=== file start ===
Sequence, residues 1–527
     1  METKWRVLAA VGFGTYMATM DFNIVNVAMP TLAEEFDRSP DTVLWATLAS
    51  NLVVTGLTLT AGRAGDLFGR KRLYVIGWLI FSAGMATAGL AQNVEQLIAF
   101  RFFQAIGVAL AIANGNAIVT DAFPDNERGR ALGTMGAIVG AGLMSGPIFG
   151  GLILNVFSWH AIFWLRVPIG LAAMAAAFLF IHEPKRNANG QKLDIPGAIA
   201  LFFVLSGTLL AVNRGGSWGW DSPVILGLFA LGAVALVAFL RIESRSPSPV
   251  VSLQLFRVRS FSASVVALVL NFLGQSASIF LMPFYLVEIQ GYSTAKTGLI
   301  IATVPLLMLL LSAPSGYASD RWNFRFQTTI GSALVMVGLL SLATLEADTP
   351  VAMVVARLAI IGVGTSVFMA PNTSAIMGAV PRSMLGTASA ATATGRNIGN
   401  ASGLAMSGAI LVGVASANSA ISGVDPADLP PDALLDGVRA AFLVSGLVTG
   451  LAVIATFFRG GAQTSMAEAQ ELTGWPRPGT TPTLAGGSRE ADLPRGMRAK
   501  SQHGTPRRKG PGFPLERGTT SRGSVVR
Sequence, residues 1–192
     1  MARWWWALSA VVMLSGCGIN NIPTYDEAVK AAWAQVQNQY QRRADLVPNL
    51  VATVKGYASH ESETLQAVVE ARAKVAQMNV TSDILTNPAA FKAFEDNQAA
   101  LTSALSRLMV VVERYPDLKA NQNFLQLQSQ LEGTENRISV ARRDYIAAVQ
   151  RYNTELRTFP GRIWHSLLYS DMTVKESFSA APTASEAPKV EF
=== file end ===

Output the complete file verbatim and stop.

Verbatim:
Sequence, residues 1–527
     1  METKWRVLAA VGFGTYMATM DFNIVNVAMP TLAEEFDRSP DTVLWATLAS
    51  NLVVTGLTLT AGRAGDLFGR KRLYVIGWLI FSAGMATAGL AQNVEQLIAF
   101  RFFQAIGVAL AIANGNAIVT DAFPDNERGR ALGTMGAIVG AGLMSGPIFG
   151  GLILNVFSWH AIFWLRVPIG LAAMAAAFLF IHEPKRNANG QKLDIPGAIA
   201  LFFVLSGTLL AVNRGGSWGW DSPVILGLFA LGAVALVAFL RIESRSPSPV
   251  VSLQLFRVRS FSASVVALVL NFLGQSASIF LMPFYLVEIQ GYSTAKTGLI
   301  IATVPLLMLL LSAPSGYASD RWNFRFQTTI GSALVMVGLL SLATLEADTP
   351  VAMVVARLAI IGVGTSVFMA PNTSAIMGAV PRSMLGTASA ATATGRNIGN
   401  ASGLAMSGAI LVGVASANSA ISGVDPADLP PDALLDGVRA AFLVSGLVTG
   451  LAVIATFFRG GAQTSMAEAQ ELTGWPRPGT TPTLAGGSRE ADLPRGMRAK
   501  SQHGTPRRKG PGFPLERGTT SRGSVVR
Sequence, residues 1–192
     1  MARWWWALSA VVMLSGCGIN NIPTYDEAVK AAWAQVQNQY QRRADLVPNL
    51  VATVKGYASH ESETLQAVVE ARAKVAQMNV TSDILTNPAA FKAFEDNQAA
   101  LTSALSRLMV VVERYPDLKA NQNFLQLQSQ LEGTENRISV ARRDYIAAVQ
   151  RYNTELRTFP GRIWHSLLYS DMTVKESFSA APTASEAPKV EF